No End to Debate on Abuse Archives

By Ofelia Casillas and Manya A. Brachear
Chicago Tribune
February 21, 2006,1,

Whether the Catholic Archdiocese of Chicago should open its archives and allow child welfare officials to investigate all past abuse allegations against priests reflects a wider debate over the law that governs reports and investigations of abuse.

Child safety advocates say the statute is quite clear: The archdiocese is obligated to share the information, and the Illinois Department of Children and Family Services is liable to investigate it.

But advocates for priests say the requirement singles out Catholic clergy and exposes them to unnecessary public scrutiny, while former state investigators and watchdogs say such a project would strain an already taxed system that cannot handle its current caseload.

"They've got their work cut out for them," said Cook County Public Guardian Robert Harris. "I just hope DCFS can handle it. ... If it's an inordinate amount of past and present cases they have to investigate, I can't help but think they are going to pull people from active cases."

According to a 2004 report, 55 Chicago priests had been involved in 142 cases of sexual abuse since 1950. It's unclear how many allegations were reported to the archdiocese and declared unfounded.

Colleen Dolan, director of communications for the archdiocese, said that although discussions between the church and DCFS continue, the state agency is not now entitled to see cases that date back more than 50 years. All allegations have been reported, as they should be, to the Cook and Lake County state's attorneys, she said.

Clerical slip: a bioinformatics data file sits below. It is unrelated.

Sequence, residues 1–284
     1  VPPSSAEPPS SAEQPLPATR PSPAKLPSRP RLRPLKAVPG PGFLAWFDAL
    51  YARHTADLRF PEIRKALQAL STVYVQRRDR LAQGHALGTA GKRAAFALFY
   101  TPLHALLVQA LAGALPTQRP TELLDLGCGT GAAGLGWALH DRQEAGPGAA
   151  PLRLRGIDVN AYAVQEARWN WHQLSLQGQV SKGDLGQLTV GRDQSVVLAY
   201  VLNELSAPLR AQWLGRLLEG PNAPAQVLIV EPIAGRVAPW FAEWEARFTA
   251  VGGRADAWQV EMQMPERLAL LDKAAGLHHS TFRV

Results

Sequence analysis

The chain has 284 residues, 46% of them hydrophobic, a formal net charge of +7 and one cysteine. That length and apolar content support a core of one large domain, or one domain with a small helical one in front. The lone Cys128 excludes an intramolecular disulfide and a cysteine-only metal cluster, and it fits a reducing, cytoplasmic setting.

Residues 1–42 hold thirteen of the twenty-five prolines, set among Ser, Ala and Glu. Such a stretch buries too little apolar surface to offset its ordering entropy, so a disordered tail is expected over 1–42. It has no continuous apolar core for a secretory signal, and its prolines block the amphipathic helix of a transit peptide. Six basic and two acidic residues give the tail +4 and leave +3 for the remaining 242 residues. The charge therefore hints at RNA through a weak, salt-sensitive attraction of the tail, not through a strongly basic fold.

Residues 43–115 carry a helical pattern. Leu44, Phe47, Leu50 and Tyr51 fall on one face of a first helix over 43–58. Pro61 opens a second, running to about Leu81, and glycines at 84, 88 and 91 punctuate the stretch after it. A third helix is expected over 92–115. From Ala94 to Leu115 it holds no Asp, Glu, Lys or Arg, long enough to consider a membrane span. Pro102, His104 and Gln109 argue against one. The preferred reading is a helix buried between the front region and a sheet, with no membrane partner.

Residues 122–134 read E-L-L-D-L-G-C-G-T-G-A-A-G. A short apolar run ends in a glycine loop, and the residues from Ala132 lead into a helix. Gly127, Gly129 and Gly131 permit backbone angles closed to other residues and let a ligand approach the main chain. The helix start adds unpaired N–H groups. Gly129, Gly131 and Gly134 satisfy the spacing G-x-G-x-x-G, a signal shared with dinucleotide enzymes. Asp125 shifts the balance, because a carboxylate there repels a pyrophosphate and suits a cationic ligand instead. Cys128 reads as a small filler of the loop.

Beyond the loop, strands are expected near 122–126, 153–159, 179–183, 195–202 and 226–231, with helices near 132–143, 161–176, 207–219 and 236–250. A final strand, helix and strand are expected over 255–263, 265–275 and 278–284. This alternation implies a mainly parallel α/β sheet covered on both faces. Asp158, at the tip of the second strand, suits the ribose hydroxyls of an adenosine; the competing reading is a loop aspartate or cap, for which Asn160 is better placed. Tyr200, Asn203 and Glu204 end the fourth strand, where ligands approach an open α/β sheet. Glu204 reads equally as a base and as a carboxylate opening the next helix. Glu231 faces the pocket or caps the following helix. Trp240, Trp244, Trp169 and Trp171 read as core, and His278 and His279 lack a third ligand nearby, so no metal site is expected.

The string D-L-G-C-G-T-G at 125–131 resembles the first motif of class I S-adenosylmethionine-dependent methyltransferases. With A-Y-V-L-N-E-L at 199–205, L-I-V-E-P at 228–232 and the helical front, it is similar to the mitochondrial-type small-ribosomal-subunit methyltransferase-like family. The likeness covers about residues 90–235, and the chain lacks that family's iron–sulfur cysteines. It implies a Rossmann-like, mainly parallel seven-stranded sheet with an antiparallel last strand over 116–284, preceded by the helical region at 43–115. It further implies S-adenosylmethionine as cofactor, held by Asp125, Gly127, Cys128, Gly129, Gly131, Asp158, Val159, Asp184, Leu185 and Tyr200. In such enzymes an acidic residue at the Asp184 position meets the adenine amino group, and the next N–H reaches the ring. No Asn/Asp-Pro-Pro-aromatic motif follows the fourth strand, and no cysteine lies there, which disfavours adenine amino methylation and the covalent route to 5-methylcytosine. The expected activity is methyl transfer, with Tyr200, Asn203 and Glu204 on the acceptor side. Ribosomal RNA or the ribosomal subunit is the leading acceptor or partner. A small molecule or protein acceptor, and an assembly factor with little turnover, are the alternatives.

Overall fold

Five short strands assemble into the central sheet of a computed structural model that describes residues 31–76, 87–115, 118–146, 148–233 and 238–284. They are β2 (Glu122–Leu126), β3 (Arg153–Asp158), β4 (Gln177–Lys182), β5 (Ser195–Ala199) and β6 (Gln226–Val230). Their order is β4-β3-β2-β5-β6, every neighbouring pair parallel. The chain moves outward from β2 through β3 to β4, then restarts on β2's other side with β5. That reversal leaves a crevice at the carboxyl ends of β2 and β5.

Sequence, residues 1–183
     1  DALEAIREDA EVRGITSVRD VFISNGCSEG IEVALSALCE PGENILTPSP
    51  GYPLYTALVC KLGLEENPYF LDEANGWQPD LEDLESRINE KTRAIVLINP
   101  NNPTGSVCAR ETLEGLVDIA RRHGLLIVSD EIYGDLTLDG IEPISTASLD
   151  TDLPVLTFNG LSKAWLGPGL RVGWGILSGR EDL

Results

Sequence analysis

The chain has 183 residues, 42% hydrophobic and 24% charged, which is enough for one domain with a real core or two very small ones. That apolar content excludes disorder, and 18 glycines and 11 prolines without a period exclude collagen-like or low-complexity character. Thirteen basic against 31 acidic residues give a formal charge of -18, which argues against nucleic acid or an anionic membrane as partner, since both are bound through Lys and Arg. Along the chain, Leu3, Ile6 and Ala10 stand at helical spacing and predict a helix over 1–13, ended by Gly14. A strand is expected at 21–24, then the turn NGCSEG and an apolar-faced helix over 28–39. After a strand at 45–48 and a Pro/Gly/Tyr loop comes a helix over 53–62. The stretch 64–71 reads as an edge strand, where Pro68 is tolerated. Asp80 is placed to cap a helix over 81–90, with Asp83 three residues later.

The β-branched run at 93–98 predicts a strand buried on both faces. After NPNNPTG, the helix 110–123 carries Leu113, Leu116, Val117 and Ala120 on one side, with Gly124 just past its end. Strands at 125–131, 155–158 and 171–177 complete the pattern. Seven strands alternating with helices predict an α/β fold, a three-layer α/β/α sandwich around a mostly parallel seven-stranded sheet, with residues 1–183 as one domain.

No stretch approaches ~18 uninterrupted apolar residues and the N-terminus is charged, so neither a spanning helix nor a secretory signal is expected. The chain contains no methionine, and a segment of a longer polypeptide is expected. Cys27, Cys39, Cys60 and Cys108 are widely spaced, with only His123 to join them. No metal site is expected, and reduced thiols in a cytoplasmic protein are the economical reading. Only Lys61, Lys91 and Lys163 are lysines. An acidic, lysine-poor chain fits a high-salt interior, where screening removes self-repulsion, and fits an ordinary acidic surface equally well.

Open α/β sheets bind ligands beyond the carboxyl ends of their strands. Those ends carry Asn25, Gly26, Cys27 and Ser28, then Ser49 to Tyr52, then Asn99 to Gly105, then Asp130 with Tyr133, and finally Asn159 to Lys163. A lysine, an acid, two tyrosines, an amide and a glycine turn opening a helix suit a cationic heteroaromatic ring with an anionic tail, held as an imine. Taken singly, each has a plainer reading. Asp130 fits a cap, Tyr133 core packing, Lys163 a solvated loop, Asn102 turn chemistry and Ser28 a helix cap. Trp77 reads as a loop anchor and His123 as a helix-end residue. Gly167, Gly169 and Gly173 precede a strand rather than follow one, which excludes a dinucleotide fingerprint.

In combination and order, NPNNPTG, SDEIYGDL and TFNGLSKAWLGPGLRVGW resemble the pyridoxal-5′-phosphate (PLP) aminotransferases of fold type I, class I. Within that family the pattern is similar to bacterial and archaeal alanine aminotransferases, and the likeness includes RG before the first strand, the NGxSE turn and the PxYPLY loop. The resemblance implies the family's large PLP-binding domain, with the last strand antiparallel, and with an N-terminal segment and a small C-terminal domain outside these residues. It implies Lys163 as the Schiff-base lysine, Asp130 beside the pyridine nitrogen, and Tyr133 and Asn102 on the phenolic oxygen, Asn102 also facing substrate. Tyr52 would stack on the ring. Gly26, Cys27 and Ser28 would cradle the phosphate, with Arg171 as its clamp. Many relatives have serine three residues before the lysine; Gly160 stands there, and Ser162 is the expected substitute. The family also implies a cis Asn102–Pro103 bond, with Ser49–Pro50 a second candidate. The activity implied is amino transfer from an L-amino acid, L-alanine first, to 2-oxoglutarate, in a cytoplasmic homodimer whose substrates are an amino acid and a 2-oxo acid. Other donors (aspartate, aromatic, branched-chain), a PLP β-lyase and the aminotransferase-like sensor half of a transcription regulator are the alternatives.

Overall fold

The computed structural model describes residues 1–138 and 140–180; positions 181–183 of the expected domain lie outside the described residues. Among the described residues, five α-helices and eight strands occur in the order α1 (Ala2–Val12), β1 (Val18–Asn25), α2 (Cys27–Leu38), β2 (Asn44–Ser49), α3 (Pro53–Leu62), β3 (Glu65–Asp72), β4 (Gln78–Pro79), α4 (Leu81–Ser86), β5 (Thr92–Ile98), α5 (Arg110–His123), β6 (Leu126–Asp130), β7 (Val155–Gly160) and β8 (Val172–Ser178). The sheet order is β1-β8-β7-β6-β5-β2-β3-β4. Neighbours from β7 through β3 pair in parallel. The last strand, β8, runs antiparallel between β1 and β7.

But DCFS Director Bryan Samuels argues that his agency is responsible for looking into all complaints, especially if state investigators find a credible allegation against a priest who is still in ministry.

Last week, the archdiocese announced new protocols regarding abuse allegations, including greater communication with DCFS.

Chancellor Jimmy Lago said the church would rely on DCFS to rule whether a priest should be removed from ministry while the church conducts an investigation. Lago also said abuse allegations would, from now on, be reported to DCFS even if the alleged victim is an adult, as long as the abuse took place when he or she was a minor.

Reporting all cases to the state agency means those named in complaints found to be credible are entered in the State Central Registry that bars them from contact with children, Samuels said.

But church officials are not ready to report all past allegations against priests. Reporting allegations made by adults is already beyond what has been required of any religious or educational institution, Dolan said.

Indeed, the difference of interpretation reflects an ongoing debate over what exactly is required under the Abused and Neglected Child Reporting Act, the statute that governs child abuse reports and investigations in Illinois, said Jerry Stermer, president of Voices for Illinois Children.

"There's always a question of `Is this something I report to police or the child abuse hot lines?'" Stermer said. "The reality is the statute is unequivocal."

"Everybody," he said, "needs to put themselves in the place of a parent of children who could possibly be in harm's way."

Dolan said the requirements aren't clear. "Because we're trying to define" the church's obligation, she said, "should not be interpreted as a lack of commitment to the protection of children."

In the past, Dolan said, DCFS has refused to investigate allegations made by adults, referring those claims to prosecutors instead.

Others say the state agency should be practical about its latest request. Henry Bayer, executive director for the labor union representing caseworkers, said DCFS has about 20 percent fewer investigators in Cook County than it did five years ago.

"They don't have enough investigators to complete the routine investigations," Bayer said. John Goad, the former chief of child protection investigations, said the requirement "could be a ton of work which they are not in the position to handle.

"It doesn't seem to me that it would be fair or reasonable to make demands of one denomination and not others. And, believe me, there are allegations against clergy of every denomination."


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